270 Big Four partners earn more than £1m

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The Big Four and the magic circle law firms account for 13% of million-pound pay packages in the UK

A new report, published today by the think tank High Pay Centre, estimates around 270 partners across the Big Four are earning over £1m per year, while average earnings for all partners exceeds £700,000.

The UK senior partners at PwC, Deloitte and KPMG were paid £3.6m, £2.7m and £2.4m respectively last year. EY has not disclosed its partners pay details.

Average profit share per partner in 2013 was well over £700,000, twice as much as the firms’ nearest rivals, the report said. Profit distribution in the Big Four has not, unlike in the magic circle law firms, breached £1m.

The report describes the information provided on remuneration as “thin and patchy”, with LLPs remaining more opaque than their FTSE counterparts.

The think tank, which campaigns against pay inequality in the UK, said that while pay for bankers and corporate executives have been condemned in the wake of the crisis, lawyers and accountants have largely “escaped criticism”.

High Pay Centre director Deborah Hargreaves argued that the nature of revenue and the relative scarcity of movement between firms means the normal defences of high pay “do not apply”.

She said, “The Big Four and the Magic Circle have very steady incomes so it’s unlikely these vast pay packages are necessary to incentivise staff and increase profits. There is also little evidence of individuals moving between firms, so they are not necessary to attract or retain key employees.

“Our findings show that it’s not just the usual suspects of bankers and chief executives - excessive top pay has infected other leading professions too.”

The report draws attention to the prevalence of Big Four representatives alumni in corporate and regulatory roles. It found 58 FTSE 100 finance directors are qualified chartered accountants, with 46 having previously worked for the Big Four and five of 15 FRC members are former Big Four partners.

Ellie Clayton


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  • Comment by Blessings

    Considering what other executives are earning in other industries I agree, the profit isn't too much. How much profit is Bill Gates making in a year? Far more than what accounting firms are making. Its just a drop in an ocean. Apple is also making billions for its owners.

  • Comment by Anonymous

    Pay the junior staff really well? Either you've never worked in a Big 4 or you've clearly forgotten. To compound the misery, they removed overtime just over a decade ago, which gave the partners the opportunity to bring deadlines forward without paying for it. No wonder their salaries are so high - I guess it allows them to become members at their local golf club.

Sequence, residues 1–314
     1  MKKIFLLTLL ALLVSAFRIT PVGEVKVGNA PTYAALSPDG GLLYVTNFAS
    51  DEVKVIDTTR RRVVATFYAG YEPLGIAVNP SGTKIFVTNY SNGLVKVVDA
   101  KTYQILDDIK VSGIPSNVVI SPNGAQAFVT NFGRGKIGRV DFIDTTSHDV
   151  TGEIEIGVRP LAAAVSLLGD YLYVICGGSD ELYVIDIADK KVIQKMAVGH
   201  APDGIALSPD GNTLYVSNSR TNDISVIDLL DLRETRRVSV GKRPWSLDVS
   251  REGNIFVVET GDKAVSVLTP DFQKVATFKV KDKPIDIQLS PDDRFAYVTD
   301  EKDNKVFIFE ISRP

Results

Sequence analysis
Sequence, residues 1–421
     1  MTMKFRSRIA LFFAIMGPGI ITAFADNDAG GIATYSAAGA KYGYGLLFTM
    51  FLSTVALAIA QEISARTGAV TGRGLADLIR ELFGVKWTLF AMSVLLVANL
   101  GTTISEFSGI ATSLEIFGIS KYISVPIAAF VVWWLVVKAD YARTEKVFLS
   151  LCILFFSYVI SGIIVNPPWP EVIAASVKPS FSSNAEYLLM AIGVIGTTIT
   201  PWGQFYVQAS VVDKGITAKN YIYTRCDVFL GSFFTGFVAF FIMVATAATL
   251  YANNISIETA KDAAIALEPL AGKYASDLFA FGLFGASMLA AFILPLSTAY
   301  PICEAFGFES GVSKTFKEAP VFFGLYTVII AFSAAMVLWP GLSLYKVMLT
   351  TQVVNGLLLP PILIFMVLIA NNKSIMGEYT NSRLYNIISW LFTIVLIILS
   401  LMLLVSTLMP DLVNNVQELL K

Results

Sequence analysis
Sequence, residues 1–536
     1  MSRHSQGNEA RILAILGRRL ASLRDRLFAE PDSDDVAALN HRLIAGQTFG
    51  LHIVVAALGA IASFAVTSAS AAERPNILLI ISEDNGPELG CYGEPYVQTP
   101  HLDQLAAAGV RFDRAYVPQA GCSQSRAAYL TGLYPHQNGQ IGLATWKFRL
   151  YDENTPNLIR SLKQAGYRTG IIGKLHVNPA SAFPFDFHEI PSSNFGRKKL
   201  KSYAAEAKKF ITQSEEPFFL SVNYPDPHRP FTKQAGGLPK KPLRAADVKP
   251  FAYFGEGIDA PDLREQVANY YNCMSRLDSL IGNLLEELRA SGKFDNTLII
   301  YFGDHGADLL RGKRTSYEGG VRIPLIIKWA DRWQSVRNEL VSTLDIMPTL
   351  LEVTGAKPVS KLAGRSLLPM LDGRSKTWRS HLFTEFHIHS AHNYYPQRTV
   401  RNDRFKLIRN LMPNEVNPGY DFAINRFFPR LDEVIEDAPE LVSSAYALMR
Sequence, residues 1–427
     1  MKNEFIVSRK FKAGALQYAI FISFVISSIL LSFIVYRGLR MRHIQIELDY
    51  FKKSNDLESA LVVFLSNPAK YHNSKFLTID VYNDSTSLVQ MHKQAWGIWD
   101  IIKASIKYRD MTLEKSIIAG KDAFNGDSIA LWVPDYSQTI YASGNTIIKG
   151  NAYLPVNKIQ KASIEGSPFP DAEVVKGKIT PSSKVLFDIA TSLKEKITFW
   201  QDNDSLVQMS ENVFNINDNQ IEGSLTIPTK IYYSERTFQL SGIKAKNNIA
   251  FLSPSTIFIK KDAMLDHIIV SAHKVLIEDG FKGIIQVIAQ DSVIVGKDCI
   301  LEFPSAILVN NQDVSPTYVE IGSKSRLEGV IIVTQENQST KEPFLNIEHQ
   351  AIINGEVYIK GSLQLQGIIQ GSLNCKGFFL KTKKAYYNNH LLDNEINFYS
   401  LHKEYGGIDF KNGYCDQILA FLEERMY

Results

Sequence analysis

• Comment by Anonymous

    Partners earn profits not pay. Have we become so socialist that we are now going to meddle on how much dividends a company can pay its shareholders? Also, as a senior manager in a big four working hard to try and make partner, I really don't think 700k is exaggerated! I very much hope to peak closer to the senior partner figures!

  • Comment by Anonymous

    Ludicrous conclusions from an author suffering from naivete, general ignorance and, I shouldn't be surprised, a partisan agenda. No mention here of the years of study, training, working through the ranks, putting in the hours, the personal sacrifices -- nor of the professions' extensive community contributions, pro bono work and so forth. Nor, in the context of these "vast" pay packages, is there any mention of capital contributions, interest on capital, retirement provisions, or, for that matter, the levels of risk and responsibility carried by top professionals. Enough of these stupid unbalanced reports, thank you, and let us congratulate, rather than criticise, those who provide high quality specialist services, employment for thousands, and in so doing achieve success and rewards.

  • Comment by Anonymous

    No-one needs or deserves annual earnings of £ 1 million however hard they work. So this just means that the firms are over-charging clients for work that could be done at a better price. The trouble is that the fees are approved by executives who are also over-paid and who support the absurd differentials in pay which have grown steadily over recent decades.

  • Comment by Anonymous

    What a ridiculous conclusion. Steady incomes mean that "vast" pay packages are not required to incentivise partners to stay. Utter rubbish. These are people who are operating at the very top of their game, and when you compare their salaries to counterparts in other industries or professions (such as banks, blue chips) they earn a pittance. Naïveté of the calibre shown by the author of this report really makes me angry. I can only hope that they weren't paid a vast package to deliver their pathetic, shallow and vacuous conclusions

  • Comment by Anonymous

    Partner pay is not salary - it is shared profit. They own the business, they generate the profits, they share the rewards. If they do not work hard to maximise profits, they earn less. At the same time they also pay junior staff very well, pay a lot of tax to HMRC and contribute a lot to charitable causes. I wish people would stop criticising others for creating success and wealth for themselves.